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Autism risk classification using placental chorionic surface vascular network features

Overview of attention for article published in BMC Medical Informatics and Decision Making, December 2017
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About this Attention Score

  • In the top 25% of all research outputs scored by Altmetric
  • Good Attention Score compared to outputs of the same age (71st percentile)
  • Good Attention Score compared to outputs of the same age and source (66th percentile)

Mentioned by

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8 tweeters

Citations

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4 Dimensions

Readers on

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16 Mendeley
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Title
Autism risk classification using placental chorionic surface vascular network features
Published in
BMC Medical Informatics and Decision Making, December 2017
DOI 10.1186/s12911-017-0564-8
Pubmed ID
Authors

Jen-Mei Chang, Hui Zeng, Ruxu Han, Ya-Mei Chang, Ruchit Shah, Carolyn M. Salafia, Craig Newschaffer, Richard K. Miller, Philip Katzman, Jack Moye, Margaret Fallin, Cheryl K. Walker, Lisa Croen

Abstract

Autism Spectrum Disorder (ASD) is one of the fastest-growing developmental disorders in the United States. It was hypothesized that variations in the placental chorionic surface vascular network (PCSVN) structure may reflect both the overall effects of genetic and environmentally regulated variations in branching morphogenesis within the conceptus and the fetus' vital organs. This paper provides sound evidences to support the study of ASD risks with PCSVN through a combination of feature-selection and classification algorithms. Twenty eight arterial and 8 shape-based PCSVN attributes from a high-risk ASD cohort of 89 placentas and a population-based cohort of 201 placentas were examined for ranked relevance using a modified version of the random forest algorithm, called the Boruta method. Principal component analysis (PCA) was applied to isolate principal effects of arterial growth on the fetal surface of the placenta. Linear discriminant analysis (LDA) with a 10-fold cross validation was performed to establish error statistics. The Boruta method selected 15 arterial attributes as relevant, implying the difference in high and low ASD risk can be explained by the arterial features alone. The five principal features obtained through PCA, which accounted for about 88% of the data variability, indicated that PCSVNs associated with placentas of high-risk ASD pregnancies generally had fewer branch points, thicker and less tortuous arteries, better extension to the surface boundary, and smaller branch angles than their population-based counterparts. We developed a set of methods to explain major PCSVN differences between placentas associated with high risk ASD pregnancies and those selected from the general population. The research paradigm presented can be generalized to study connections between PCSVN features and other maternal and fetal outcomes such as gestational diabetes and hypertension.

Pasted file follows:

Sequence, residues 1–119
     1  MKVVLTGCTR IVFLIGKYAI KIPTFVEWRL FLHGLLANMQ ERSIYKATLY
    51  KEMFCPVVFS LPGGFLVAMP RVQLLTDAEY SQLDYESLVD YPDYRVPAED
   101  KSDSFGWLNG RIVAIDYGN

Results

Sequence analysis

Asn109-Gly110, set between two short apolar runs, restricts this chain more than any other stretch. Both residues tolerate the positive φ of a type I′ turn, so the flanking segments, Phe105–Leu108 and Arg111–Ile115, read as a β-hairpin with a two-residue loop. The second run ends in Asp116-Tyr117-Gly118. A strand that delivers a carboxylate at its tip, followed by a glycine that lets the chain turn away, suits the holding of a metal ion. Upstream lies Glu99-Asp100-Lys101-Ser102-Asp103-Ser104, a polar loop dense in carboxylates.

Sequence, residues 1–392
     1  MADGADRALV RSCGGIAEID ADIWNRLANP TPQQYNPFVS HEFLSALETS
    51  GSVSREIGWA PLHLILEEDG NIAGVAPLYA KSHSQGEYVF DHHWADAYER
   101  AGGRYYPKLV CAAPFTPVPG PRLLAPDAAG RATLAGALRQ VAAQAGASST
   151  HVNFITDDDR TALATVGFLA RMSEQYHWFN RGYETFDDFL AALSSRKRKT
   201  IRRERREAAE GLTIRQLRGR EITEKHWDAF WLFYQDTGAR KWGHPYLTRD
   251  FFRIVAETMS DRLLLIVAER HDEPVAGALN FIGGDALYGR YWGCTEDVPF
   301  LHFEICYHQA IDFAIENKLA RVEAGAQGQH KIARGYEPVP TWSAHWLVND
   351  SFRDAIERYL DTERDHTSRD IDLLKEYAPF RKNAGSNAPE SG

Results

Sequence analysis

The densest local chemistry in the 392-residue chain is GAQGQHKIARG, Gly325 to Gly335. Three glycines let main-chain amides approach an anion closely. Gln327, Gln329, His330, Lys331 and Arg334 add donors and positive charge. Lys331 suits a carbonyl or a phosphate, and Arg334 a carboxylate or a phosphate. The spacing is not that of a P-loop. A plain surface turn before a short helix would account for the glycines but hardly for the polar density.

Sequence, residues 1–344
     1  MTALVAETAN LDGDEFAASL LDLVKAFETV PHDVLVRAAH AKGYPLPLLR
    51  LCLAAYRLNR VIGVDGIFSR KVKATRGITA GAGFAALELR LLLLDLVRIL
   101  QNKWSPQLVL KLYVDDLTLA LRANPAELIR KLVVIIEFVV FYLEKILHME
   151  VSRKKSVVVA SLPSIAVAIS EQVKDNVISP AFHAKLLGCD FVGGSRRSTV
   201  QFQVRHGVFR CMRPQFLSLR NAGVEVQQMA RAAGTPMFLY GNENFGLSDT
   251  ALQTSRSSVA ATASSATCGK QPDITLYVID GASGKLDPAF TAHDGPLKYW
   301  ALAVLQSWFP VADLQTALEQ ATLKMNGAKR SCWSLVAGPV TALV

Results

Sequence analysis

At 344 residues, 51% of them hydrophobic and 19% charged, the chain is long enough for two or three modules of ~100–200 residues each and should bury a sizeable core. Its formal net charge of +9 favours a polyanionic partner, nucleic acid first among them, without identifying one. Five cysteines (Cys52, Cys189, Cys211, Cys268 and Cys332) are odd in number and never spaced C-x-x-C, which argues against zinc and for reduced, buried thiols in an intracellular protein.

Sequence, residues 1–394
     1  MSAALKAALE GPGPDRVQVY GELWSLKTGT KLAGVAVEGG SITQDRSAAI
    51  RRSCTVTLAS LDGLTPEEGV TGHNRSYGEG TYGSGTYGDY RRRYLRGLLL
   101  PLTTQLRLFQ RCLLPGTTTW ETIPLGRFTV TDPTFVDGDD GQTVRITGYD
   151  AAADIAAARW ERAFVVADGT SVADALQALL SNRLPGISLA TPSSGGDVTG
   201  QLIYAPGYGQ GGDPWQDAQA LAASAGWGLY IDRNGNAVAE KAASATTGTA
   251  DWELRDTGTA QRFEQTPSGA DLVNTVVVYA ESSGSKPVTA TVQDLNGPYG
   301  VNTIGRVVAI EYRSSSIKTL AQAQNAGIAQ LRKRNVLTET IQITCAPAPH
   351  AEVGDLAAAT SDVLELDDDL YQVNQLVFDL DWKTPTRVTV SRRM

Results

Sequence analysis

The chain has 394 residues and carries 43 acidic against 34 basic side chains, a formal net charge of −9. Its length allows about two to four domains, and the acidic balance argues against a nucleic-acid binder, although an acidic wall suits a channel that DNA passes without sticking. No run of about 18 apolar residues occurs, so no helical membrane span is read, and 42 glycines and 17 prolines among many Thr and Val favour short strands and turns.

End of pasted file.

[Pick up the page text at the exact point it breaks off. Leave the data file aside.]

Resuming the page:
Twitter Demographics

The data shown below were collected from the profiles of 8 tweeters who shared this research output. Click here to find out more about how the information was compiled.

Mendeley readers

The data shown below were compiled from readership statistics for 16 Mendeley readers of this research output. Click here to see the associated Mendeley record.

Geographical breakdown

Country Count As %
Unknown 16 100%

Demographic breakdown

Readers by professional status Count As %
Researcher 7 44%
Student > Bachelor 2 13%
Other 2 13%
Student > Ph. D. Student 2 13%
Student > Master 1 6%
Other 1 6%
Unknown 1 6%
Readers by discipline Count As %
Neuroscience 2 13%
Medicine and Dentistry 2 13%
Agricultural and Biological Sciences 2 13%
Economics, Econometrics and Finance 1 6%
Biochemistry, Genetics and Molecular Biology 1 6%
Other 5 31%
Unknown 3 19%

Attention Score in Context

This research output has an Altmetric Attention Score of 5. This is our high-level measure of the quality and quantity of online attention that it has received. This Attention Score, as well as the ranking and number of research outputs shown below, was calculated when the research output was last mentioned on 11 January 2018.
All research outputs
#2,983,148
of 12,387,076 outputs
Outputs from BMC Medical Informatics and Decision Making
#309
of 1,118 outputs
Outputs of similar age
#100,244
of 358,158 outputs
Outputs of similar age from BMC Medical Informatics and Decision Making
#38
of 112 outputs
Altmetric has tracked 12,387,076 research outputs across all sources so far. Compared to these this one has done well and is in the 75th percentile: it's in the top 25% of all research outputs ever tracked by Altmetric.
So far Altmetric has tracked 1,118 research outputs from this source. They receive a mean Attention Score of 4.9. This one has gotten more attention than average, scoring higher than 71% of its peers.
Older research outputs will score higher simply because they've had more time to accumulate mentions. To account for age we can compare this Altmetric Attention Score to the 358,158 tracked outputs that were published within six weeks on either side of this one in any source. This one has gotten more attention than average, scoring higher than 71% of its contemporaries.
We're also able to compare this research output to 112 others from the same source and published within six weeks on either side of this one. This one has gotten more attention than average, scoring higher than 66% of its contemporaries.